The screening is at 7 p.m. Ramen from Aedan Fermented Foods will be served.
East Side Sushi is a terrific family “dramedy” about a young Latina who wants to become a sushi chef. It is full of surprises, wonderful food scenes and a cast of superb young actors. Bay Area director Anthony Lucero works in visual effects at Industrial Light and Magic while making shorts and documentaries. This is his first feature, and he is a talent to watch.
The film is beautifully shot in Oakland, and features another talent who has a bright future, lead actress Diana Elizabeth Torres. The Hollywood Reporter says, “Mouthwatering food photography will likely have Japanese cuisine fans quickly heading for the nearest sushi bar after watching the movie. “ And you can go to Coach Sushi on Grand Avenue in Oakland, where much of the film was made. East Side Sushi has been winning audience awards worldwide, and hopefully will have a regular release soon, but you can catch it now.
The screening starts at 9:30 p.m., with spicy tuna rolls from TwoXSea.
Sunday begins with a powerful selection of shorts called The Forgiving Earth: Food Justice & Urban Agriculture at 4 p.m. Eight movies explore how food and farming can play a role in helping communities heal from social, racial and economic injustices.
From Oakland comes the prize-winning At Needle Point, poetry at its most powerful. Better Chicken asks for compassion in the chicken industry. #Plant4PeaceSTL follows a day in Ferguson that brings people together and promotes peace by planting trees. Hunger in India is a short animated film designed to spread awareness about food insecurity, malnutrition and related issues in the Indian context. Dear Dilla from hip-hop artist Phife Dawg is a music video tribute to his friend and music producer J Dilla, who died from a rare diabetes blood disease.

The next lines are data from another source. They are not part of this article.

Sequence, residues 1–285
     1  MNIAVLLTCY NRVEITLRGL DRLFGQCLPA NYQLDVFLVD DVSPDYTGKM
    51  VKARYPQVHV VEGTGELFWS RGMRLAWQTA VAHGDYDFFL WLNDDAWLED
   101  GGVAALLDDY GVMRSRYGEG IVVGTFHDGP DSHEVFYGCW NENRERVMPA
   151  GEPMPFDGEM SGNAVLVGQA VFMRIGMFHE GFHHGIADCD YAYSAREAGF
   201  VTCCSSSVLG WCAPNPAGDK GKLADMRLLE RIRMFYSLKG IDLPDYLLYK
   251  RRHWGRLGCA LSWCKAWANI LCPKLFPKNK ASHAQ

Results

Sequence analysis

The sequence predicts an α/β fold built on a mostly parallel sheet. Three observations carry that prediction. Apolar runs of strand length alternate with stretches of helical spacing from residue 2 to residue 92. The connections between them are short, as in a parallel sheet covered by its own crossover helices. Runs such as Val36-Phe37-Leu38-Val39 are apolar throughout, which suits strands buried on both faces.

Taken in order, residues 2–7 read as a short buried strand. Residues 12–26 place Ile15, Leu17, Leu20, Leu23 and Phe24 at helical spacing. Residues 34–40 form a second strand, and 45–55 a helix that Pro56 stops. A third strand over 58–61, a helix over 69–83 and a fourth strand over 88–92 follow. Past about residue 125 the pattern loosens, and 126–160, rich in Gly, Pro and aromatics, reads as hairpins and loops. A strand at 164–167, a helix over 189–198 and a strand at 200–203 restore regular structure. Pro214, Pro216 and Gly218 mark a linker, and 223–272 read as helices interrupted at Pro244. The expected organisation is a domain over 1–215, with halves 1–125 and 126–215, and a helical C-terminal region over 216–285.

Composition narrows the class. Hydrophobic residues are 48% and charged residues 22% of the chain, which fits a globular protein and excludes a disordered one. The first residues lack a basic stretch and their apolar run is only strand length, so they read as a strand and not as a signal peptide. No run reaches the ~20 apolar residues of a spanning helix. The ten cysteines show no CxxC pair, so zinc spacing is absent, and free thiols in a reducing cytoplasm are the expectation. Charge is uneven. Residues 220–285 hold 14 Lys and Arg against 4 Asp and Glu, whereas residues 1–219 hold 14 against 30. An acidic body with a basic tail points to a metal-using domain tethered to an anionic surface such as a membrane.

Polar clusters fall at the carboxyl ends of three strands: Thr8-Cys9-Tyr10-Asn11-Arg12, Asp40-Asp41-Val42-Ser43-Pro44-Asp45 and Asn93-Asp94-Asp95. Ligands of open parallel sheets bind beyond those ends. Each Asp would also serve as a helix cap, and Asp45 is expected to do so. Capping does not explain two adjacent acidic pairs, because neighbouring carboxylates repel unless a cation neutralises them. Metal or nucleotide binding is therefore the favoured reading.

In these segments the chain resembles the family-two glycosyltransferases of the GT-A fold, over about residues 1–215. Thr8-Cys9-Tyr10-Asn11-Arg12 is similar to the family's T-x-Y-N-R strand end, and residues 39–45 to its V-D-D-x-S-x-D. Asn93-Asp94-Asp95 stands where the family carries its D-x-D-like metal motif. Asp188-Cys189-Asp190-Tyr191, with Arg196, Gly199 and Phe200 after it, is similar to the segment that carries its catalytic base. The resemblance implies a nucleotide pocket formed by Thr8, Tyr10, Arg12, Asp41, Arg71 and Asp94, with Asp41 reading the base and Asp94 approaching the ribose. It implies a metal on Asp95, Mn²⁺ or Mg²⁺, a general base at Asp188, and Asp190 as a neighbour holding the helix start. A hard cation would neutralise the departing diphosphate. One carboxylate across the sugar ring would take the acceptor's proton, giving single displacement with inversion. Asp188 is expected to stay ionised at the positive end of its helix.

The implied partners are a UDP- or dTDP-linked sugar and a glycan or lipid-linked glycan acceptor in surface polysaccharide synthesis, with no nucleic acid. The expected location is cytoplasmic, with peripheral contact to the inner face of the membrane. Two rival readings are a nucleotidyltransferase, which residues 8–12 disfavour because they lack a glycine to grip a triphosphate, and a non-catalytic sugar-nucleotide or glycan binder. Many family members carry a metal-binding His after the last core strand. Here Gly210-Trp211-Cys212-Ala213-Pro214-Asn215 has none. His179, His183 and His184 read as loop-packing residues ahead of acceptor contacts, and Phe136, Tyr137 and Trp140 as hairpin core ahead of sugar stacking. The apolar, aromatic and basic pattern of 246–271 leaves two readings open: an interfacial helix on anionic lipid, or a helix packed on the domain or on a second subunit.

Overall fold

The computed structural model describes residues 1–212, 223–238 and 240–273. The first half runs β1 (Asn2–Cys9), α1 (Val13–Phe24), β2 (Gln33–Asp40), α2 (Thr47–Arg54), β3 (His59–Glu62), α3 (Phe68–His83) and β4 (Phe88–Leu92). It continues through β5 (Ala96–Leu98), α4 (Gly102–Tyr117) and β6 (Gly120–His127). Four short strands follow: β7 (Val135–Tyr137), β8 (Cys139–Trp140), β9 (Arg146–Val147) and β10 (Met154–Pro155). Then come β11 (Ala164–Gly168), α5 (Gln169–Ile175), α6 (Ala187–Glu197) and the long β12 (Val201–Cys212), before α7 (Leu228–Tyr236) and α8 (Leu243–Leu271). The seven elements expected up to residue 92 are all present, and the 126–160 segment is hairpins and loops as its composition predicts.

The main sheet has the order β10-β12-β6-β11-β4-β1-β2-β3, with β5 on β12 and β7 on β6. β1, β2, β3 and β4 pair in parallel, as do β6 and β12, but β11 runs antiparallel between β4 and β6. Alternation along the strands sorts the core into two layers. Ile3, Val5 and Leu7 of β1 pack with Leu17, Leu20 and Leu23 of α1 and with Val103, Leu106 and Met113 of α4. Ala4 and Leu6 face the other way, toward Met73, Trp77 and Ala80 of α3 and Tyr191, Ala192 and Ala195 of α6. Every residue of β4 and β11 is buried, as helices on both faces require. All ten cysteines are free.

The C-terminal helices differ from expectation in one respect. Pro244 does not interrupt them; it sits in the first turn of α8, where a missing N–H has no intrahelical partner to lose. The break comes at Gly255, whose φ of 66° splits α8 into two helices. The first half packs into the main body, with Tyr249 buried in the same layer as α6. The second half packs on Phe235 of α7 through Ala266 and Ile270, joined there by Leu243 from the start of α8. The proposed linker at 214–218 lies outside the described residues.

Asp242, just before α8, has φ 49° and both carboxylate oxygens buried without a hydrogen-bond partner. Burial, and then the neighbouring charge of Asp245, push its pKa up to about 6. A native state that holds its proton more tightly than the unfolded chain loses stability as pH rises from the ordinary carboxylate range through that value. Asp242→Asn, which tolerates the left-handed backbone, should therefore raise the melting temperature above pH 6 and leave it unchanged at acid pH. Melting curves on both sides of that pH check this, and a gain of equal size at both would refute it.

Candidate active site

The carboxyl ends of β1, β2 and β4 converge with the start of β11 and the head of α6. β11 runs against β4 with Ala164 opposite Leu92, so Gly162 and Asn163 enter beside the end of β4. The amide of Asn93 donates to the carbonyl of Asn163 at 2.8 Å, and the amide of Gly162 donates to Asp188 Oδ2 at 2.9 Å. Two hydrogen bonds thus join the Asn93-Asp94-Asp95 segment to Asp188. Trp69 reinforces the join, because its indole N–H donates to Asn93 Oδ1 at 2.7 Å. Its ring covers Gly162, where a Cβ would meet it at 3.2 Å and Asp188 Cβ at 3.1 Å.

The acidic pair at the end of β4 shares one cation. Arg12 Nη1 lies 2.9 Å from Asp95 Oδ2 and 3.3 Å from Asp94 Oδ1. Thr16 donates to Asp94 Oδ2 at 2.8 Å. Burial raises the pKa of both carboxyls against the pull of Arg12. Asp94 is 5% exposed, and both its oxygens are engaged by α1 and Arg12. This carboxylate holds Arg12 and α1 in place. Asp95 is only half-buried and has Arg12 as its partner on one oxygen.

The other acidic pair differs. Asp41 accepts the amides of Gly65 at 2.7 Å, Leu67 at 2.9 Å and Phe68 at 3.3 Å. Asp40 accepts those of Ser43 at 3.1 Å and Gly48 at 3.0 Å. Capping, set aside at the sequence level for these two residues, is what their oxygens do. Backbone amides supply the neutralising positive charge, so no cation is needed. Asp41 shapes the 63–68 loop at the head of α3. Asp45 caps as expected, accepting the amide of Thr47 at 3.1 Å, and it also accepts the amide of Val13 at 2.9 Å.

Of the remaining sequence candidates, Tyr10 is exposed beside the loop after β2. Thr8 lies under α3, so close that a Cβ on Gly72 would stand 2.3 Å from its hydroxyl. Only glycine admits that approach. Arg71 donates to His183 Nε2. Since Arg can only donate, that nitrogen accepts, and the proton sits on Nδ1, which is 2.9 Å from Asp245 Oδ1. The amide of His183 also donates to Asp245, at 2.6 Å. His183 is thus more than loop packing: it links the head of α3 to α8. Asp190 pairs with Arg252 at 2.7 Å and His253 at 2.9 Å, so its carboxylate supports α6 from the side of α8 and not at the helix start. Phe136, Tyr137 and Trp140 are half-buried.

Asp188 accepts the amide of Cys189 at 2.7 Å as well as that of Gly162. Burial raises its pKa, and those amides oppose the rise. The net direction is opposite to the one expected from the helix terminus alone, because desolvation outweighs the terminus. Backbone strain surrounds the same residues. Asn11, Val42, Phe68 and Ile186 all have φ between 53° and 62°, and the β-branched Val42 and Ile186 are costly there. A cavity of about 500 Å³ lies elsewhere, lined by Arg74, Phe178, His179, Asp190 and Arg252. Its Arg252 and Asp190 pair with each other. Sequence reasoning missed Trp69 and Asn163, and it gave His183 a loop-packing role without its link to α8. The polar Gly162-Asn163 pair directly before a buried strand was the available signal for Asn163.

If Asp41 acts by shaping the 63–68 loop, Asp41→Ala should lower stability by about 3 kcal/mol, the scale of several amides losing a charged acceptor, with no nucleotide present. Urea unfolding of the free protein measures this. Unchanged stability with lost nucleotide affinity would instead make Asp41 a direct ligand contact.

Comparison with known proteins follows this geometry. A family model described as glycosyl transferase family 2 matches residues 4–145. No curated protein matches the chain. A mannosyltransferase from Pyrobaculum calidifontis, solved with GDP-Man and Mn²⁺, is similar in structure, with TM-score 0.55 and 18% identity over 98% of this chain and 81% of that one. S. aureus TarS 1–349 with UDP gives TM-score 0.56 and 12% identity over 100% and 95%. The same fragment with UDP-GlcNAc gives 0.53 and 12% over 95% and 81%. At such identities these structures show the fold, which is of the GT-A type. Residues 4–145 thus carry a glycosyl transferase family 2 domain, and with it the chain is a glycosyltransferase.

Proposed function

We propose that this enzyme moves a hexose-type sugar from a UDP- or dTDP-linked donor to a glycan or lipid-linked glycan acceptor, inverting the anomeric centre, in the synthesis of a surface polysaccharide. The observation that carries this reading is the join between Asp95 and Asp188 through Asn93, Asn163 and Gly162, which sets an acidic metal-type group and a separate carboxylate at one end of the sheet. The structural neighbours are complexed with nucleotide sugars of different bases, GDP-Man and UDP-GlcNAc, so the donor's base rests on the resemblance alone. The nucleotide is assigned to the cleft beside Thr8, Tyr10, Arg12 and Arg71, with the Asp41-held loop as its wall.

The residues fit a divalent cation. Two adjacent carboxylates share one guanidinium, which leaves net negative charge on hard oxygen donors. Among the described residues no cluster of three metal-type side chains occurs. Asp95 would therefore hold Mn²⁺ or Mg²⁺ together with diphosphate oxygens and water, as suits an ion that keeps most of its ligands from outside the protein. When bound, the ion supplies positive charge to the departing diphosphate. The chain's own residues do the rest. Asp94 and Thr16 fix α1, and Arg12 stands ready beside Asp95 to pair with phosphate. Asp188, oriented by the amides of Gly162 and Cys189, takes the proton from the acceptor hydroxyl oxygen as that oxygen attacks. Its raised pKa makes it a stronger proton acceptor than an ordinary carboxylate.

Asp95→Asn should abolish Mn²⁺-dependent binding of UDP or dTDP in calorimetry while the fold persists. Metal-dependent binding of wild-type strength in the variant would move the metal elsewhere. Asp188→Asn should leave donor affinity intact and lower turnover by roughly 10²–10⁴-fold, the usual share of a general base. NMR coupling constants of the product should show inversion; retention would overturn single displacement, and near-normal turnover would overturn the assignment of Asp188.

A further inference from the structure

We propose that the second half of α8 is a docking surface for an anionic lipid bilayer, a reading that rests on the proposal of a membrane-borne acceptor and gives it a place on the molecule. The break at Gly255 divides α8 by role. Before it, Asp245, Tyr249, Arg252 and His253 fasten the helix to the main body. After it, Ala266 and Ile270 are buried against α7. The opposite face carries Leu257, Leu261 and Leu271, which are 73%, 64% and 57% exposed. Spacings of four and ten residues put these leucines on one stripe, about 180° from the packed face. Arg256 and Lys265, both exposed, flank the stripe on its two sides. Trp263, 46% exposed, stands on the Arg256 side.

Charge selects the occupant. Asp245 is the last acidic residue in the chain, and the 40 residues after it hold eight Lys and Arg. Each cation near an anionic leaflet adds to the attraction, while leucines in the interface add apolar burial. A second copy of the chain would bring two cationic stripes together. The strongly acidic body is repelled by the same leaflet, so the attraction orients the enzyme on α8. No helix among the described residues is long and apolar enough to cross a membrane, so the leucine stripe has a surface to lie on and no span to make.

Kombit takes us to Haiti, where internally displaced people start a micro-garden movement to combat post-earthquake hunger and despair. The Last Scream finds a French couple dumpster diving for perfectly good food. The Forgiving Earth documents the voices of Detroit’s 21st century urban farmers, working against all odds to transform the bankrupt city into a reborn “green and pleasant land.” Each voice in the film tells a singular story of restoring the earth in order to overcome the effects of drug abuse, incarceration, racism, injustice, poverty, or neglect—resulting in every garden in the city being an autobiography. Ultimately, the voices converge in a chorus of private dreams, public outrage and hopes for Detroit’s regrowth.
The 4 p.m. screening will be followed by a panel discussion moderated by SPUR’s Eli Zigas, with Doria Robinson of Urban Tilth, Doron Comercho of LifeLab, Cat Chang of the Oakland Food Policy Council, and Jamie DeWolf of The Bigger Picture Project.
Salad from Alemany Farm will be served.
Have you ever gone to a Chinese restaurant and wondered, “Who the hell is General Tso, and why was a chicken dish named after him?”
Filmmaker Ian Cheney (King Corn, The City Dark) wanted to find out, and traveled around the world to solve the mystery for his film The Search for General Tso. This search for the truth about the iconic menu item uncovers surprises, laughs and a lot of different takes on the dish itself. He goes to Shanghai, where few people have heard of it. After tracing Tso’s life in the Qing Dynasty, the movie offers a fascinating look at Chinese immigration to America. Interviews include Cecilia Chang of The Mandarin in San Francisco, Chef Peng Chang-kuei, who invented the dish in China, and David Leong, who is responsible for the westernized version.
General Tso’s Chicken from Mister Jiu’s will be served at the 7 p.m. showing.
Permaculture co-founder Bill Mollison’s many books may be ordered from local bookstores, or via Amazon or Indiebound.
Videos of his lectures and courses are here.